The recent calls for free or lower-cost dental care in New Zealand were well timed. It's World Oral Health Day this week in which people and governments around the world are encouraged to think about - and take action on - mouth health.

Our mouths are a mirror, in many ways, to our bodies. Oral health and general health are connected in some surprising and serious ways – looking after one can lead to much better health for the other.

The World Dental Federation says "the mouth cannot be isolated from the rest of the body". That's because many general health conditions increase the risk of oral diseases – diabetes can increase the risk of gum disease, for example.


And in some diseases, like diabetes, it's a two-way relationship: poor oral health can worsen the health of people with diabetes. Not only are people with diabetes more susceptible to gum disease, but according to the American Diabetes Association, serious gum disease may have the potential to affect blood glucose control and contribute to the progression of the condition. People with diabetes are generally less able to fight bacterial infections that might invade the gums.

Can poor oral health actually cause diseases? Maybe. There's an established link between gum disease and heart disease; it's thought gum disease increases a person's risk of heart disease by about 20 per cent – although exactly how this works is not yet clear. The theory is that inflammation in the gums – like chronic inflammation elsewhere in the body – could lead to atherosclerosis, the buildup of fatty plaque in the arteries.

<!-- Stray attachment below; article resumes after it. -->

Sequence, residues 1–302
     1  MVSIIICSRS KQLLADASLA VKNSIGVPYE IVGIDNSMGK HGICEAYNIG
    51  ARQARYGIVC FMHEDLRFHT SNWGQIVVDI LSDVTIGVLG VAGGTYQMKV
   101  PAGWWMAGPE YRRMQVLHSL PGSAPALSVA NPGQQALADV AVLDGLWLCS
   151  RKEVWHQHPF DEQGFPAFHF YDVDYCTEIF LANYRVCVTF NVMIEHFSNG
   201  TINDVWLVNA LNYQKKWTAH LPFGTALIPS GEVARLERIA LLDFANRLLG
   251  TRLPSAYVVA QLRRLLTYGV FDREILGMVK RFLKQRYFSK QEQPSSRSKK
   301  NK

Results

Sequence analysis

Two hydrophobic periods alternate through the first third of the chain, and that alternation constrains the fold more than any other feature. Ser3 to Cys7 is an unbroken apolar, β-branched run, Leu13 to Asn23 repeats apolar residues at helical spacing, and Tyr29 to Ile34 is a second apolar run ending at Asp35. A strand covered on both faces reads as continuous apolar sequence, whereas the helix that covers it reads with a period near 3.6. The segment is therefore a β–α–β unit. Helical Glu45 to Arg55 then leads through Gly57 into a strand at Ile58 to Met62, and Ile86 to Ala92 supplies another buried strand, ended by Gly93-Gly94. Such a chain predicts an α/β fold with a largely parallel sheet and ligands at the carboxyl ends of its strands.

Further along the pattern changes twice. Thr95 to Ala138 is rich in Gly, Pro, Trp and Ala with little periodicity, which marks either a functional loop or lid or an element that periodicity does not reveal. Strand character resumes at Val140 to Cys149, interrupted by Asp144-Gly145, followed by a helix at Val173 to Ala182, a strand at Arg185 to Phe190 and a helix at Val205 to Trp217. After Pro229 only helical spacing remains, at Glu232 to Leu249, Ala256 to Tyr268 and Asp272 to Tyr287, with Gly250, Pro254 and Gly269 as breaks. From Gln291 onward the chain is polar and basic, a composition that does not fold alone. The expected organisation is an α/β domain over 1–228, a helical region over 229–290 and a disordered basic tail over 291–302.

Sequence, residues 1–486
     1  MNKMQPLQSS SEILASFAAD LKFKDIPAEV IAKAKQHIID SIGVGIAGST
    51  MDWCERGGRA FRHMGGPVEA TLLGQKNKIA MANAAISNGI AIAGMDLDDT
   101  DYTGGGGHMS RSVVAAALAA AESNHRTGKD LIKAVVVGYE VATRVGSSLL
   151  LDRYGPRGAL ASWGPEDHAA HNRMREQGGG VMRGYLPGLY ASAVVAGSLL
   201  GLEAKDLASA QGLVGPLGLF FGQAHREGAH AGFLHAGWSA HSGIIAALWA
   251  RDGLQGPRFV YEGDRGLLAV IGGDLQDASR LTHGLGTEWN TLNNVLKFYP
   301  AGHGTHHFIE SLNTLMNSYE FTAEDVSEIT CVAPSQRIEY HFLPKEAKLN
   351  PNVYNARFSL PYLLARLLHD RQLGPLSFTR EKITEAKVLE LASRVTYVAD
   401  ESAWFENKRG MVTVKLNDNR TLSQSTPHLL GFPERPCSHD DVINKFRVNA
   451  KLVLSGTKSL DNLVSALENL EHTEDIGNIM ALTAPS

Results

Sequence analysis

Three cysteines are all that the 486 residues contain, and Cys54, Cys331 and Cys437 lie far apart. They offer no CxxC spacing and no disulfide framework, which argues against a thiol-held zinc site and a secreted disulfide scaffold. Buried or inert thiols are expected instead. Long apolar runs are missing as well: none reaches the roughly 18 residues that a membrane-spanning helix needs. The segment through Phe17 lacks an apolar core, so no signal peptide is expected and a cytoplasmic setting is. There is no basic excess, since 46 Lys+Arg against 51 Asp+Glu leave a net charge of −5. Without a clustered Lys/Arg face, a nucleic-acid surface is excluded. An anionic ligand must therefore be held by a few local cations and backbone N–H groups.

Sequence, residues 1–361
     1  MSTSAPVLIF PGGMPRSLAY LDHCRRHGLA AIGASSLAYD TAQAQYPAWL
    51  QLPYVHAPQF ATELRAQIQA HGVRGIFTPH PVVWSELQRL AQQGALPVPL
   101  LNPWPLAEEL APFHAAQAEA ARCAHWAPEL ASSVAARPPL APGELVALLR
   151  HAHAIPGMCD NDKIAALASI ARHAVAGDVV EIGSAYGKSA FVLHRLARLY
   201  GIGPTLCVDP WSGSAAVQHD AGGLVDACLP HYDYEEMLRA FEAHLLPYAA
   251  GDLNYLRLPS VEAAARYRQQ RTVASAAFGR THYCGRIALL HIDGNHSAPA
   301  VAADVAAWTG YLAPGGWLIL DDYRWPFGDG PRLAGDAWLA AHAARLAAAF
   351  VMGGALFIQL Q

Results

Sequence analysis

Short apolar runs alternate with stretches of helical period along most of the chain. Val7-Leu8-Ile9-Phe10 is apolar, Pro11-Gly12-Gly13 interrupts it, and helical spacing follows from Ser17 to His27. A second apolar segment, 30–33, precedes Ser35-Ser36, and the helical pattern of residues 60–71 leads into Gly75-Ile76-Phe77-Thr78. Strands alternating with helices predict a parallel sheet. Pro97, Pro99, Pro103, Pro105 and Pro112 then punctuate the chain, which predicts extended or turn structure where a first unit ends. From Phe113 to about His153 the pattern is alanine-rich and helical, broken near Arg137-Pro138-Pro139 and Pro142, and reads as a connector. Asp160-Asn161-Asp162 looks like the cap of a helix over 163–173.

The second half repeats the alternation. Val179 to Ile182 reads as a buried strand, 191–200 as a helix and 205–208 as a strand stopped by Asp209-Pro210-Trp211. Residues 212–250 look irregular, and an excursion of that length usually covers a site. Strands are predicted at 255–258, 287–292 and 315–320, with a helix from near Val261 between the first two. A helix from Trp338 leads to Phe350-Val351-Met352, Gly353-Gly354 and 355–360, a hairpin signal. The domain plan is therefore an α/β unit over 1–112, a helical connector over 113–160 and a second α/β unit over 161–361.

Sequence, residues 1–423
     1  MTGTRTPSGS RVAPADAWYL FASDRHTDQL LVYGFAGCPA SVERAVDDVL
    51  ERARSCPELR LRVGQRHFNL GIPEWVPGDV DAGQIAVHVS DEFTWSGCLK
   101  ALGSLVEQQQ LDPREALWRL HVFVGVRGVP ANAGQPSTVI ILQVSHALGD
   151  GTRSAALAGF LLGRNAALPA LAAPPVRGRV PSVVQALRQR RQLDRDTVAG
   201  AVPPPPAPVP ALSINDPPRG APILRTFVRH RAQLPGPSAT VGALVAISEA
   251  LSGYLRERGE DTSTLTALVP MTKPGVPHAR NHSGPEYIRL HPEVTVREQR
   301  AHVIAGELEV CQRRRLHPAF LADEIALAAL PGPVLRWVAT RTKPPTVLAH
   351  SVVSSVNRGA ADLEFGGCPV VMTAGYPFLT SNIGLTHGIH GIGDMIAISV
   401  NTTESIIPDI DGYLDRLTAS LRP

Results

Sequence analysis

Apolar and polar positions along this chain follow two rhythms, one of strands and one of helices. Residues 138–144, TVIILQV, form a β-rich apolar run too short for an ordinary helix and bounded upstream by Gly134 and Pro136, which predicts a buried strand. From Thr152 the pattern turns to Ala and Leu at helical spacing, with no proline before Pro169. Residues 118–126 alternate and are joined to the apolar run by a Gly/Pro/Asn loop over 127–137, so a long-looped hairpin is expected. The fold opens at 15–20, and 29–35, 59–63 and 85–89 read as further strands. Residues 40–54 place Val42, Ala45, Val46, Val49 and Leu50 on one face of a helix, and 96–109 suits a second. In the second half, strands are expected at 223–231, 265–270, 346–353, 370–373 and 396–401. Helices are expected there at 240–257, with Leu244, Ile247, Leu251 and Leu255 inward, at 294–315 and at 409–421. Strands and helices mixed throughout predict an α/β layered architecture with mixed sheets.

The inflammation theory applies to other diseases, too. There are links between poor oral health and respiratory disease, gastrointestinal and pancreatic cancers and arthritis.

Short of diseases, a mouth in poor health can have a serious effect on our quality of life. Poor teeth often lead to poor diets – if your teeth hurt, you probably don't want to eat lots of crunchy healthy foods like fruit and veges – and poor diets, or course, lead to poor nutrition and poor health. Chronic pain from dental issues will naturally lower mood and could affect sufferers' social and professional lives.

All of this points to the need for good quality, consistent dental care for all Kiwis, throughout our lives. It won't have escaped your notice that there's a strong connection here with inequality. Those who are least likely to be able to afford dental care are also those who are at higher risk for non-communicable diseases (of which oral disease is a common one) and poorer health outcomes in general. And it's not just the most deprived who struggle with the cost of dental care.

That dental care is not part of our public health system for adults must be costing the country hugely, both in terms of money and in quality of life for many Kiwis. The NZ Labour Party adopted universal dental care as policy at its conference late last year; it will be fascinating to see if – and how – this is implemented. But it's really time it is.

Niki Bezzant is editor-at-large for Healthy Food Guide